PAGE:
Monday, March 12, 2007

continuing the tomato dreams

The dear little seeds of my tomatoes-to-be have all sprouted, and are enjoying the light of our dining room window.

And, just when I thought I was spending too much time dreaming of tomatoes, I ended up next to someone at a dinner party who graced me with inspiring tomato talk. After his home burned in the Cedar Fire, and his garden was destroyed, he spread some of the old garden soil on his new plot. Volunteer tomatoes sprouted, and have been growing for the past year-and-a-half. He'd just picked some of the fruits that day.

Which is making me both delight in the resilience of seeds, and wonder why I worry so much about taking care of these little seedlings.

In other delightful news, our irises are beginning to unfurl their purple splendor. A bit bold for Lent--but at least they're in liturgically correct colors.

Monday, March 05, 2007

savoring possibility

Today, I'm enjoying the particular dreams I've been harboring about my garden. Four of my six little recycled newspaper starting pots have sprouted, and I can almost taste the tomatoes.

Matt and I have been falling in love with recipes that can been almost entirely made of things that will (hopefully) grow in my garden this summer. I just have to wait...

I'm liking having plants into which I can channel hope and a bit of work. They make me rest on God's grace, 'cause I can't make tomatoes on my own.

Saturday, March 03, 2007

sleeping, well...

i wish i could replicate Thursday's nights sleep
because last night,
under the same blankets,
in the same trailer on the same worksite,
with the same person i love,
under the same (slightly enlarged) moonlight,
the wind kept me in wake and worry,
as imagined all sorts of things being lifted and displaced.

everything is more easily borne on wind in my
(not quite) sleeping imagination.

Friday, March 02, 2007

sleeping well

I slept last night
under a pile of blankets:

A quilt of old t-shirt memories,
printed, stenciled, and drawn mementos
stretching back through my life,
stitched together with borders
of Grandma's old chenille
bedspreads, which were torn into pieces
of padding
when we packed her china
that cold Thanksgiving morning
after she died

The down comforter I sent to Iraq,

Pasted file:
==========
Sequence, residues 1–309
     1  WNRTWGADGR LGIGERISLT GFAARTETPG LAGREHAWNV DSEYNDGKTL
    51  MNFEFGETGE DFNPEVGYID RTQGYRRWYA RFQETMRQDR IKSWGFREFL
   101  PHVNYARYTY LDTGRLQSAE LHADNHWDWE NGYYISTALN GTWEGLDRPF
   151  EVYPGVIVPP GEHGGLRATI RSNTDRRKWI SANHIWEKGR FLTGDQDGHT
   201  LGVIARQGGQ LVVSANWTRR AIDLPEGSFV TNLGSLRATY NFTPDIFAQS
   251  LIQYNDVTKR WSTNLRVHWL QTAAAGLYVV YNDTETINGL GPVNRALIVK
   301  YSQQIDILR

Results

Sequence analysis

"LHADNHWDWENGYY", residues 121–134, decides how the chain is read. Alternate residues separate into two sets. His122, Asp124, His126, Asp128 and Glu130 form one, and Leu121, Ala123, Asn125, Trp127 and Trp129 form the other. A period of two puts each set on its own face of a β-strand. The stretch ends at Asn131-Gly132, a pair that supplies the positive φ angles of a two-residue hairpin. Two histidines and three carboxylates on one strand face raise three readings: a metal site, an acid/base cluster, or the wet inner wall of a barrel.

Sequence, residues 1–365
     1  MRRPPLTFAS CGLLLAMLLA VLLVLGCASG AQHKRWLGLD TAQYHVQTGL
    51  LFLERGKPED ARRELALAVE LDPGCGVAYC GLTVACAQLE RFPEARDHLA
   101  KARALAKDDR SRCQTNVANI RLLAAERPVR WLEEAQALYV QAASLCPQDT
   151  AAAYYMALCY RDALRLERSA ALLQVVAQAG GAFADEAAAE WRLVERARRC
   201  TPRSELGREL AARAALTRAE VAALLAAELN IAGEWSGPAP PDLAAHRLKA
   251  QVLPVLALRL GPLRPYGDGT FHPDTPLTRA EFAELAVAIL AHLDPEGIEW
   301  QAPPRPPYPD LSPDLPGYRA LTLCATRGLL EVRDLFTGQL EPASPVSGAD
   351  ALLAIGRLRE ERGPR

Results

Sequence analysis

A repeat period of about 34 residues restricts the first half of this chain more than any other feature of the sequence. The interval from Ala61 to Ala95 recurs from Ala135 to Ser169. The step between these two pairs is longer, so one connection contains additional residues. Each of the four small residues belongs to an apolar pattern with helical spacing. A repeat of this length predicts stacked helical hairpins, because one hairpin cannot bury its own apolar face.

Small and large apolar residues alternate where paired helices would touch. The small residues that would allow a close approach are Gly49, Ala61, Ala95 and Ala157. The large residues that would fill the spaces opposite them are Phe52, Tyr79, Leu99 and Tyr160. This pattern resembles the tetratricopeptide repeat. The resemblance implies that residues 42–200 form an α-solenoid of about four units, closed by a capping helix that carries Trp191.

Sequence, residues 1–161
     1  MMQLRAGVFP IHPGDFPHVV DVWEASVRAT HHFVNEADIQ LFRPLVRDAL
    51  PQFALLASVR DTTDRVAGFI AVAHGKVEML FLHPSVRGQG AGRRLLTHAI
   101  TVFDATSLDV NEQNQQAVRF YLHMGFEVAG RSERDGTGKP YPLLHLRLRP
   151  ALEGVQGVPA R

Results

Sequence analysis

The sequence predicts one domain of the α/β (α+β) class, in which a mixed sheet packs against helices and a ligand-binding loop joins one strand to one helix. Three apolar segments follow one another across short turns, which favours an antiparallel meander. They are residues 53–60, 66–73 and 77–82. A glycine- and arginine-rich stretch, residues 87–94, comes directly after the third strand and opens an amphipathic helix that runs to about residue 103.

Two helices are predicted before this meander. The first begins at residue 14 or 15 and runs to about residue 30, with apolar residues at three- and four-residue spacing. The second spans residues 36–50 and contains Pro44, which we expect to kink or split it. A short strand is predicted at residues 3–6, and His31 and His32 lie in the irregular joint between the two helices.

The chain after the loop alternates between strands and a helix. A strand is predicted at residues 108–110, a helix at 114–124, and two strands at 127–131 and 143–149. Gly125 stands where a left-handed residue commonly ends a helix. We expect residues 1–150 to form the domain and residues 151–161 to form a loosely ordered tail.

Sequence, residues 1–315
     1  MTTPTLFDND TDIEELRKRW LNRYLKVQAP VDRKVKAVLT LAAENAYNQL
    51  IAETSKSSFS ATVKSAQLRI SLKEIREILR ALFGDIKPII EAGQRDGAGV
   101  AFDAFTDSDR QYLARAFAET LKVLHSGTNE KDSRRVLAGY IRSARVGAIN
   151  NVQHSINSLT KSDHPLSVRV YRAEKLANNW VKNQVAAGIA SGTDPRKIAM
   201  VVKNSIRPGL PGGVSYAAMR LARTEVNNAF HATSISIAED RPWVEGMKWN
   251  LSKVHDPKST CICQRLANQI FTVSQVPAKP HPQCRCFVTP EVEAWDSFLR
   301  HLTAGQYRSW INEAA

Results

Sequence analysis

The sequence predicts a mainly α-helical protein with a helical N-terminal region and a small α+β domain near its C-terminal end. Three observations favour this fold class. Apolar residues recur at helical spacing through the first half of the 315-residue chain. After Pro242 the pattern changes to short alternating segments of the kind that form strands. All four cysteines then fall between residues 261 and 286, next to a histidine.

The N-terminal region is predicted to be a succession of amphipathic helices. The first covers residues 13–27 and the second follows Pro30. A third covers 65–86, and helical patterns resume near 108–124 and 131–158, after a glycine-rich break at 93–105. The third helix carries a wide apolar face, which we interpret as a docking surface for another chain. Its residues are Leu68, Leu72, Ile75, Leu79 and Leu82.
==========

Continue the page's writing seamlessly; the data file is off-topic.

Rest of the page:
wrapped in its patchwork
which we trusted would enfold him
in the love of the whole family
(bearing Dad's trail map,
drawings of rebar for the house we've come up here to build,
and Grandpa's handprints)
We'd never gotten to share it before

And a plain green blanket I ended up with,
from who knows where.

When we'd arrived
we were startled to find a much larger
blanket of snow on so much of the ground,
which made us more grateful for our nighttime coverings.

How well we slept:
blanketed by nearly-full moonlight,
under covers of our lives,
up high in the mountains,
where we look forward
to memories to come
and countless full moons together
in this home that we're building.

Thursday, March 01, 2007

i'd never make it as an ascetic

I have been hungry for the last 3 days. Not want-to-rip-someone's-head-off hungry, but could-eat-more hungry.

I blame it on this retreat I took: themed around "feasting during the fast," it directed my attention toward all the ways food embodies hospitality, and breaking break knits community together.

The retreat center food was fine--and delightful in that way that it's nice to have full plates of food that someone else cooked, but nothing special in the sense of culinary delight. Our retreat sessions, though, were full of little tastes of truly exquisite things: a variety of rich butters, vine-ripened tomatoes, good cheese, fresh bread. These things made it quite worth wanting to always eat a little bit more.

Matt says it's because we're vegetarians for Lent that we're always hungry.

Whatever the reason, I'm trying to like it: I'm always ready to break bread with anyone who might be willing, and always ready for another exquisite morsel of God's good (edible) creation.